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Rocky Mountaineer train.Handout

The B.C. Federation of Labour and several Vancouver city councillors have urged luxury train-service provider Rocky Mountaineer to stop using replacement workers, an act that's illegal under provincial law but permissible under the federal statute that governs interprovincial railways.

Rocky Mountaineer, which provides world-renowned travel through B.C. and Alberta, locked out its 108 onboard attendants on June 22. Teamsters Local 31 says its members have been asked to make major concessions, despite the fact they haven't received a wage increase in several years. The company said its main issues are around scheduling and overtime.

Tuesday, a few dozen union members carrying signs that included "We want to work" and "Scab labour is hurting my family" rallied outside City Hall. They were joined by B.C. Federation of Labour president Jim Sinclair, who called on the company to return to the bargaining table. No talks are scheduled.

Mr. Sinclair said the attendants have played a key role in building Rocky Mountaineer since its 1990 inception, and fill-in workers can't provide the same high level of service.

Mr. Sinclair also unveiled a letter signed by nine Vancouver councillors that was sent to Rocky Mountaineer executive chairman and founder Peter Armstrong.

"Your firm has not only locked out these loyal employees but immediately replaced them with strikebreakers, an act that would be illegal under provincial law. We do not believe we can build the tourism industry with a strategy that treats customer service reps as little more than disposable people, to be used and discarded," the letter said.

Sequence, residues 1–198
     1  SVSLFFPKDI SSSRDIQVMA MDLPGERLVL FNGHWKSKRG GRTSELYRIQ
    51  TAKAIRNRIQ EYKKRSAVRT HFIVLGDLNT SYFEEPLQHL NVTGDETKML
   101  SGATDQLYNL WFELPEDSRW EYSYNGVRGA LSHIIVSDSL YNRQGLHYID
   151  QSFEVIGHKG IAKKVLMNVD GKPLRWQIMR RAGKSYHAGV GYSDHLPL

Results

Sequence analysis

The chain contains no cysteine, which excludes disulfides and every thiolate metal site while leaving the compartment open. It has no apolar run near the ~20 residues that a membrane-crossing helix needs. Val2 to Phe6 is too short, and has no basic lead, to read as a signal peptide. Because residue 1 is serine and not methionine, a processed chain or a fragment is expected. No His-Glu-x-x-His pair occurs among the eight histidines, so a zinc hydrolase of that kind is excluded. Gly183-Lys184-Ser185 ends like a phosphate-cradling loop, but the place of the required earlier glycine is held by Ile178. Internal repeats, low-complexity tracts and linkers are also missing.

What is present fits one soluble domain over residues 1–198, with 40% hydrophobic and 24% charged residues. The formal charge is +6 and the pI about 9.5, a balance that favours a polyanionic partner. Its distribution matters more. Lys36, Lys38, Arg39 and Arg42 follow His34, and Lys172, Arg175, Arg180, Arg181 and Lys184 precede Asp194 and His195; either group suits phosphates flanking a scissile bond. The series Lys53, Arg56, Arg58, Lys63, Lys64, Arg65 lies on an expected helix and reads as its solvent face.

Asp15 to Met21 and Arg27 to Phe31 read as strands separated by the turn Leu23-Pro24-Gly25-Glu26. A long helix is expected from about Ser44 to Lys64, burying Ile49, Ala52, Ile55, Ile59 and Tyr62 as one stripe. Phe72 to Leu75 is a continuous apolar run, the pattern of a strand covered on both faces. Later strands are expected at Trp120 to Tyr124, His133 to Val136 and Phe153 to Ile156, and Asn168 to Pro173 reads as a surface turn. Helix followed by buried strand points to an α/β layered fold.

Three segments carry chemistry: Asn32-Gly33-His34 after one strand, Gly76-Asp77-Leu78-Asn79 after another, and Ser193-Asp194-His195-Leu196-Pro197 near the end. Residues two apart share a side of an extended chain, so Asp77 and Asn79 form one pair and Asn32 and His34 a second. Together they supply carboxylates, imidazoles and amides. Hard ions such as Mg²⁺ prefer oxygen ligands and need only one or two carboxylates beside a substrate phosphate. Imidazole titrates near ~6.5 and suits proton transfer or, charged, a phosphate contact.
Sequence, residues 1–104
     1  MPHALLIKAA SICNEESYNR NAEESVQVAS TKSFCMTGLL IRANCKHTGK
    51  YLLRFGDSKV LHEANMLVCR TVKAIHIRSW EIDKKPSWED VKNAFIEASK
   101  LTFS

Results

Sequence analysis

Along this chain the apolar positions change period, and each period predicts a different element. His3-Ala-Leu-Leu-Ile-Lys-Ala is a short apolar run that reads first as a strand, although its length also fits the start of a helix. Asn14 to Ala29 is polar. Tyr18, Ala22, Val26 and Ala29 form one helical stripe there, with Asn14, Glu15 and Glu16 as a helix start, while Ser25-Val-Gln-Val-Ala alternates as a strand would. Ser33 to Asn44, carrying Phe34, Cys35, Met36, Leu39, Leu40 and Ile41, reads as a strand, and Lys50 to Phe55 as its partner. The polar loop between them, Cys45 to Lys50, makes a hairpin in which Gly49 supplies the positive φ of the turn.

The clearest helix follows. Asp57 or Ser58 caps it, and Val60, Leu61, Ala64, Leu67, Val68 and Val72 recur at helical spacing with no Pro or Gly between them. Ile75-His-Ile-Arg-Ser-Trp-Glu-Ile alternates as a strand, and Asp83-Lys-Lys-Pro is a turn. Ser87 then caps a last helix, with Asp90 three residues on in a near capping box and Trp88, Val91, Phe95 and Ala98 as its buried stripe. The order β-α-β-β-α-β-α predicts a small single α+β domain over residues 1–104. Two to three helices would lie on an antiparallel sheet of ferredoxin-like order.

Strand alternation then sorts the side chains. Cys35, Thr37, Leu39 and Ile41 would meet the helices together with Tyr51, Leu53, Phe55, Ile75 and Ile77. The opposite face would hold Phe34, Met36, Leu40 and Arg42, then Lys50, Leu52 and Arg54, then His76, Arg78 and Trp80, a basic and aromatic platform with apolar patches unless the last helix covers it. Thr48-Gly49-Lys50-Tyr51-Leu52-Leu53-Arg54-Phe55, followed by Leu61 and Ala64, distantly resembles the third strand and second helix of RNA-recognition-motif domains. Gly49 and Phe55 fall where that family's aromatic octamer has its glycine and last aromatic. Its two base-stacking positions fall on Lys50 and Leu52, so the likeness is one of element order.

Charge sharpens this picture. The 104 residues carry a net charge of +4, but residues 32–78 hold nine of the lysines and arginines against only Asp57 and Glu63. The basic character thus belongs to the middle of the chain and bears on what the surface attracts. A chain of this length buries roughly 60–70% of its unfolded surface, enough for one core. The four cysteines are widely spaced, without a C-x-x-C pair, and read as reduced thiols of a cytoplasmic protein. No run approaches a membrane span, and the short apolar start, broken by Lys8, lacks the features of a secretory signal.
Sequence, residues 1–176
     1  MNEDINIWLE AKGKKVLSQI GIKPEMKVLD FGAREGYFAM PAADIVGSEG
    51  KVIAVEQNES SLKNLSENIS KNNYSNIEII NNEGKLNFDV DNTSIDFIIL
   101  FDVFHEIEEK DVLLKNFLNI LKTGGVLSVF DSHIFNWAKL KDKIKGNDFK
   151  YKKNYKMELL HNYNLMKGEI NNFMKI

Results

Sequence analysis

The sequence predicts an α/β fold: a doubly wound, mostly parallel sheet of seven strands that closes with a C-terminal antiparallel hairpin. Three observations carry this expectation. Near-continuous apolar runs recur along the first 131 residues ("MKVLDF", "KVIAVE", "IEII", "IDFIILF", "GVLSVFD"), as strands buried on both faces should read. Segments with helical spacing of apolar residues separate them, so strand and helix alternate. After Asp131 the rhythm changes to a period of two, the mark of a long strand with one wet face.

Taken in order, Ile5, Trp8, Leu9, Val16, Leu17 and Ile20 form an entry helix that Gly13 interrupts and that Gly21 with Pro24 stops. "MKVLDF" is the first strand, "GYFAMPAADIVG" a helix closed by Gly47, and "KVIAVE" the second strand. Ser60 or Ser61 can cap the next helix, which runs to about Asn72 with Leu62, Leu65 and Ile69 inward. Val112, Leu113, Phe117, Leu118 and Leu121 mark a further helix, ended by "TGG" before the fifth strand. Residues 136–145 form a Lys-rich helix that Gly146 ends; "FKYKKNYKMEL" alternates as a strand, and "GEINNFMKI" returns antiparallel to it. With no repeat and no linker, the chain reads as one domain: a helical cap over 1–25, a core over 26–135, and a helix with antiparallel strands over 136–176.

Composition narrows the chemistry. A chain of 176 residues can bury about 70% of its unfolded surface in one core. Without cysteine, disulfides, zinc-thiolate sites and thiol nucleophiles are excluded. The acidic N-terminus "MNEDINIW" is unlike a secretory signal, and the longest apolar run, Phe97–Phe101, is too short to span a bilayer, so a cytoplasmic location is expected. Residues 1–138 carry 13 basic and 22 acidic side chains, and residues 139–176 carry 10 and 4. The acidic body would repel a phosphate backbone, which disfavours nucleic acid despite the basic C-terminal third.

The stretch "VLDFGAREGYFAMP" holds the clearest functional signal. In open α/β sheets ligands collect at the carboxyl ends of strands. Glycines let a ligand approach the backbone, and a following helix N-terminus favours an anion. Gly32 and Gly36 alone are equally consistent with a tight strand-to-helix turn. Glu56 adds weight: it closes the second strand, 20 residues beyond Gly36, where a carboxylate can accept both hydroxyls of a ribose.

Among the councillors to sign were Geoff Meggs, George Chow and Ellen Woodsworth, each of whom appeared at Tuesday's rally.

Mr. Armstrong is chair of the fundraising campaign for the Non-Partisan Association, which opposes Vancouver Mayor Gregor Robertson's Vision Vancouver party. Suzanne Anton, the lone NPA councillor and mayoral candidate in the fall election, did not sign the letter.

Ian Robertson, a Rocky Mountaineer spokesman, said the company is disappointed the strike has been turned into a political issue. He said Mr. Armstrong's involvement with the NPA is a separate matter.

Mr. Robertson said the company is within its rights to bring in replacement workers and is not – as the union suggested – exploiting a loophole.

"We are federally regulated and, from a legal position, quite well within the federal regulations to continue to operate."

He said the workers' contract expired in January and the company has met with union officials at least six times since then. He said Rocky Mountaineer's latest offer was rejected by the union, though he declined to discuss specifics.

Mr. Robertson asserted he's confident that Rocky Mountaineer's customers are receiving the same level of service during the lockout that they always have.